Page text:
As of the 15th of October, the Hamilton County breakdown for early vote requests (according to the Hamilton County Board of Elections) is as follows:

Dem-20,137
Rep-22,831
Non-19,382

Others-210

So while it appears that the Democrats are leading in the early vote overall based largely on leads in Franklin, Summit, and Cuyahoga counties, Hamilton County—which is now largely considered a blue(ish) county is underperforming. 

The biggest reason for the lead in Hamilton County early vote, in my opinion, is probably this is Rob Portman’s geographical base.  With the absence of a competitive Senate campaign in the region, Portman’s running up the score there.  Fisher stopped airing his sole ad since Labor Day in Cincinnati long before it stopped airing altogether.  After a major rally in Cincinnati with President Bill Clinton, Fisher has all be ceded the region to Portman.

This, more so than any polling, might explain why the DCCC cut its ad buys in the First Congressional District rematch between Congressman Steve Driehaus and former Congressman Steve Chabot.  It’s hard to imagine a path to victory for Driehaus without a Democratic lead in the early vote.   However, the GOP’s advantage is only by less than 3,000 votes.  So if you live in the Hamilton County area, you need to volunteer with Organizing for America and the Hamilton County Democratic Party to turn Hamilton County blue!  There’s still time to do this.

This might also explain why the Ohio Poll, done by the University of Cincinnati tweaked their model to a more favorable GOP turnout.  Although it has a statewide perspective in its polling, it’s hard to imagine that the pollster are not influenced by what they see locally and that could impact their perspective on the race.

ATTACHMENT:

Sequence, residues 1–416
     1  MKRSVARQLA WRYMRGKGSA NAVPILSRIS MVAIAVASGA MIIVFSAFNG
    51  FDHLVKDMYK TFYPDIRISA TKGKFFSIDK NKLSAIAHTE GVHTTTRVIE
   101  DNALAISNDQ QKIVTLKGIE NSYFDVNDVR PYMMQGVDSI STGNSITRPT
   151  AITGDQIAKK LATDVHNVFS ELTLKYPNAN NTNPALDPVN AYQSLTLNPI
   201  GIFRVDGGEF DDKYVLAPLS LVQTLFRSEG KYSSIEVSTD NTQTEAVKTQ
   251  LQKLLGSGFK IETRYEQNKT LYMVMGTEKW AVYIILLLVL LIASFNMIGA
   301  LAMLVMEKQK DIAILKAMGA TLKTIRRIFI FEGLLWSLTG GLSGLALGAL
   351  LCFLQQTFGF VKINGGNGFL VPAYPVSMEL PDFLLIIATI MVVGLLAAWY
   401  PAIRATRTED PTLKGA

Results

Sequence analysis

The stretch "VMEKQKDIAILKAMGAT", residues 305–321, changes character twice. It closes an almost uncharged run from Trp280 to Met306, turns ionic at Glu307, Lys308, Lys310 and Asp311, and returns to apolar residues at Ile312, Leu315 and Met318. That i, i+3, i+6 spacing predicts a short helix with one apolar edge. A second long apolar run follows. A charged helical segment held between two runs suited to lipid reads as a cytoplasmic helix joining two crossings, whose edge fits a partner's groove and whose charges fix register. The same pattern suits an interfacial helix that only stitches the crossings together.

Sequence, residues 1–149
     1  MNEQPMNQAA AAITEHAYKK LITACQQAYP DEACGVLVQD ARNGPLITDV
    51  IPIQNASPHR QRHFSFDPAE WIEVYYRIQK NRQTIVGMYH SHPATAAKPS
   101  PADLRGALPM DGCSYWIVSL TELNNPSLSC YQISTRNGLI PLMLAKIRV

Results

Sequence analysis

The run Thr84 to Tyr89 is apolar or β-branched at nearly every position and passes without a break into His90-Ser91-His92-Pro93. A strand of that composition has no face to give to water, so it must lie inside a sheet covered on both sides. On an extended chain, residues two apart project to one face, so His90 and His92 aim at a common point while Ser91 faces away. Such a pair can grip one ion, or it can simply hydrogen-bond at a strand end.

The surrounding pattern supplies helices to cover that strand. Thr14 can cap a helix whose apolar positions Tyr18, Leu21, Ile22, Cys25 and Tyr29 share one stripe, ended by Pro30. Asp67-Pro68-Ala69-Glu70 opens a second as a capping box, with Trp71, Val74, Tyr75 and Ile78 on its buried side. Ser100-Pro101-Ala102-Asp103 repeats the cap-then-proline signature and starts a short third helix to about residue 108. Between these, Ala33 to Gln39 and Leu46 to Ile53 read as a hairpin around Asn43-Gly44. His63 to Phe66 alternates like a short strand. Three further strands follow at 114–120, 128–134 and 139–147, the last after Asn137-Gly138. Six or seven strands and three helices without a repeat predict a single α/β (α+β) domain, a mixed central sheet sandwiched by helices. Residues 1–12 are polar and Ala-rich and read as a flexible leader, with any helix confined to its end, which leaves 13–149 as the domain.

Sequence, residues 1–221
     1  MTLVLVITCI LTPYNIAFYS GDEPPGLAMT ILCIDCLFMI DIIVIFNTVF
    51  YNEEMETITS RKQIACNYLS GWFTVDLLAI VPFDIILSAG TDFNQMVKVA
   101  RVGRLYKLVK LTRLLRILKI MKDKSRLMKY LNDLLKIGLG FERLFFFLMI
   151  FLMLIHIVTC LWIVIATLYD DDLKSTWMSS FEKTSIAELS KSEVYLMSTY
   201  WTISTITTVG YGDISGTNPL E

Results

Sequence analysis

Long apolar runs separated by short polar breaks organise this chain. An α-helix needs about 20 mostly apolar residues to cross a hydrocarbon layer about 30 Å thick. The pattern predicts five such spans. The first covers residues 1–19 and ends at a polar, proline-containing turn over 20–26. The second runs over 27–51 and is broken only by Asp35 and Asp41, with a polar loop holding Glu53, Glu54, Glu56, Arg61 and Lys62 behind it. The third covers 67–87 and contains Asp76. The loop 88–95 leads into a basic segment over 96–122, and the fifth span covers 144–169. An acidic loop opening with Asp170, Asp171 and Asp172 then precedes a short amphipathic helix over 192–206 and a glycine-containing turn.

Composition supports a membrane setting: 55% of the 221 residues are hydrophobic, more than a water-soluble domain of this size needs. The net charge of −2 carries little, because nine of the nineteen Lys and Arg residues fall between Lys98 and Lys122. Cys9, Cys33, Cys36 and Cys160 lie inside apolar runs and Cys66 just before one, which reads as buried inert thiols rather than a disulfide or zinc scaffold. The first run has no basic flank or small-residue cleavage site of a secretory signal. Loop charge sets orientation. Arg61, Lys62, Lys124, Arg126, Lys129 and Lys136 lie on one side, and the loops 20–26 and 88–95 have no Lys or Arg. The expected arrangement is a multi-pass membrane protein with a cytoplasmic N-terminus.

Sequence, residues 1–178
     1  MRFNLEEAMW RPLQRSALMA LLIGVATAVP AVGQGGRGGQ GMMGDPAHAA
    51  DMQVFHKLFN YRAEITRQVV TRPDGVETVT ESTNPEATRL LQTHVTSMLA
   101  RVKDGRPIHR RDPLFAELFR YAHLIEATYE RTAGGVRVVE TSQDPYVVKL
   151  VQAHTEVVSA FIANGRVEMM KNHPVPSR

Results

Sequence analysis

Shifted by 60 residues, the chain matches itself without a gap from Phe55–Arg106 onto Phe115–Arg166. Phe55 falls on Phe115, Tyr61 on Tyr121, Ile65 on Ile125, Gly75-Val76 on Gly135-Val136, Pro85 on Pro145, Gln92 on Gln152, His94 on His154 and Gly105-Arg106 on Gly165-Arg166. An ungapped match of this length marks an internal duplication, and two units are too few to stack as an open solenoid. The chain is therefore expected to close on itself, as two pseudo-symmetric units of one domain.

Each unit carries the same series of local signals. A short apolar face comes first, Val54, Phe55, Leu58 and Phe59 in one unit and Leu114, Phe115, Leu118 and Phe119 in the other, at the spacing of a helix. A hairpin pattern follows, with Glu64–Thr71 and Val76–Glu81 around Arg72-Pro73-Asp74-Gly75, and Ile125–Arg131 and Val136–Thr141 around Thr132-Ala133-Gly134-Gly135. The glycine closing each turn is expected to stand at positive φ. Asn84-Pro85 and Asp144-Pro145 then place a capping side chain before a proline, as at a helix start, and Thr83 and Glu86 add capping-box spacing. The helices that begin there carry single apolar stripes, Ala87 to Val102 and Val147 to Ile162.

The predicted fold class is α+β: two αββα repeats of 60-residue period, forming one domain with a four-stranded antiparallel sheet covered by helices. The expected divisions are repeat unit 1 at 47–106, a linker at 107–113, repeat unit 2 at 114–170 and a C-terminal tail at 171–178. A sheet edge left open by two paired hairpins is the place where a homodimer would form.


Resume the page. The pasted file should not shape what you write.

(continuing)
Meanwhile, Cuyahoga, Franklin, and Montgomery counties all appear to be on track to have just as much early voting as we saw in 2006.  Registered Democratic voters are outnumbering registered Republican voters in all of those counties.  Although Summit County does not appear to be on pace to have the same percentage of early vote as it did in 2006, the latest figures show registered Democratic voters outpacing registered Republican voters by nearly 2:1 (as in today)!

In order to get the result on election night similar to what Quinnipiac and the Ohio Poll is predicting, registered Republicans have to exceed registered Democrats by making up 7% more of the total general election vote than Democrats.  So far, Republicans statewide are behind the Democrats. Could the Ohio Poll and Quinnipiac still turn out right?  Perhaps, but it requires a much different partisan makeup of the general election voting on election day than had voting early.  And that 7% figure now approached 10% on election day due to the Democrats early vote advantage.

I don’t think either is going to occur.  Democratic voters have woken up and realized what we as a nation and a State could lose if we allow the same architects of this economic collapse back in charge again with no recognition that their failed ideology is to blame.

We can win.

 

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